Chinese firms with revenue above CNY5 billion had to submit documents in line with Action 13, including their CbC reports, by 31 May 2016, ahead of the BEPS recommendation of 31 December.
Australia has emerged as one of the world’s most aggressive adopters of the BEPS project and its principles.
Like in Europe, public pressure plays a role, but not just from people and advocacy groups.
Domestic businesses are also complaining to the Australian Tax Office (ATO), Capito says.
Local advertising firms are telling the Government about their frustration over losing sales to online competitors, for example.
Domestic banks do not have the tax strategies available to multinationals but must compete with global money-transfer platforms.
In response to criticism about settling disputes with companies, the ATO hired a former federal judge to review the process.
“The ATO will not settle a dispute at any price,” Commissioner Chris Jordan said in February in testimony to parliamentarians.
The country has been grading its taxpayers according to how likely they are to use aggressive tax strategies and recently increased the number considered high-risk from one to six.
The country has also introduced new laws that go above and beyond BEPS, says Capito.
Permanent establishments in spotlight
An example of the measures introduced to counter multinational tax avoidance is the Multinational Anti-Avoidance Law and the Australian Diverted Profits Tax.
Together, these measures are similar to the UK’s Diverted Profits Tax, but operate more stringently and impose greater sanctions.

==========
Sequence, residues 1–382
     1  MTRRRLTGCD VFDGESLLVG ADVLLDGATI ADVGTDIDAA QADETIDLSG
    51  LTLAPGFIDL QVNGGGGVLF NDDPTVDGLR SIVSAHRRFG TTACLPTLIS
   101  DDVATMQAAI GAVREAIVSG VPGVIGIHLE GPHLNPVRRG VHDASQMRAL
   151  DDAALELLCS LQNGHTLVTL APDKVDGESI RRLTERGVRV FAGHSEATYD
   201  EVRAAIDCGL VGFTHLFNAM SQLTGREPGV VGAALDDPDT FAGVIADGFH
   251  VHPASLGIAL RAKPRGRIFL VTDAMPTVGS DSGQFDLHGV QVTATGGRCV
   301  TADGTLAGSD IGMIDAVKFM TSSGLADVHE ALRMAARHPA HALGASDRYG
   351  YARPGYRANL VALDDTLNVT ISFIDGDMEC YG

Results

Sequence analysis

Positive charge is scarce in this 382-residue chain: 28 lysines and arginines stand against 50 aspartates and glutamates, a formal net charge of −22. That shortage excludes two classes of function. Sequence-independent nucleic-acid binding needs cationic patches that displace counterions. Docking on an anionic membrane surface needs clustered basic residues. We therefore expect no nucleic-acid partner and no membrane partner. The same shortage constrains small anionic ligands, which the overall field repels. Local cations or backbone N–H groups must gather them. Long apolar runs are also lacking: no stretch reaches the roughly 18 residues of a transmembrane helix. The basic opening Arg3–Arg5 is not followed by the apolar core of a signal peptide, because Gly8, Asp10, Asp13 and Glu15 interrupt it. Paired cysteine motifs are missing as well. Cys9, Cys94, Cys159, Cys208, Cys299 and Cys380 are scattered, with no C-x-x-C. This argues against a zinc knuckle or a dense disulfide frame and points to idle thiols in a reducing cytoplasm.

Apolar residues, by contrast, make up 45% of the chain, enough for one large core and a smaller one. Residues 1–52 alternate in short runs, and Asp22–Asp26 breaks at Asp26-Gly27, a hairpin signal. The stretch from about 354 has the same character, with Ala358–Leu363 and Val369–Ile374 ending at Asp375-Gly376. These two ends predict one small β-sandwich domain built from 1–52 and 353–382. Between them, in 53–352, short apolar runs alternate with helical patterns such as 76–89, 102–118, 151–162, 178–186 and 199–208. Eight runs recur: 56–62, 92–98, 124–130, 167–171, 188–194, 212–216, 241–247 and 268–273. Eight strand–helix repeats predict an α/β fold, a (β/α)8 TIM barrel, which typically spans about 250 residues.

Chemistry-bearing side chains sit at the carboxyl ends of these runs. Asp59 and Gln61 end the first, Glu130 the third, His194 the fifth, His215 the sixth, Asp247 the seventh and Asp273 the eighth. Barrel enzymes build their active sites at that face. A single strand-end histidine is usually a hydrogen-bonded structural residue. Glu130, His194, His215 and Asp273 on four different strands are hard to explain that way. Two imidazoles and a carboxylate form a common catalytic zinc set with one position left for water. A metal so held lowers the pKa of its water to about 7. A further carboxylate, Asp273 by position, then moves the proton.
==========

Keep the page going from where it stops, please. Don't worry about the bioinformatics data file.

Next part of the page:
Although aimed at enabling the ATO to target multinationals with tax strategies designed to avoid paying tax in Australia by not having a PE in the country, these measures can lead to more tax imposed over that scenario.
The explanatory material for these measures acknowledges that this problem was addressed through the BEPS process, but it cited the need for faster action within Australia rather than moving at the pace set by the OECD for the adoption of the BEPS reforms.
The BEPS project addresses PEs in Action 7, which is also important for countries rich with natural resources, including in Asia-Pacific.
In Indonesia, the Government has long sought to capture more revenue from resource extraction, be it through taxation or moves such as the 2009 ban on exporting unprocessed ore. (The ban has not been fully implemented, although efforts to do so increased in 2014.)
Multinationals have avoided setting up PEs in Indonesia and elsewhere in the past by using commissionaire arrangements, for example, and by chopping up contracting into smaller deals.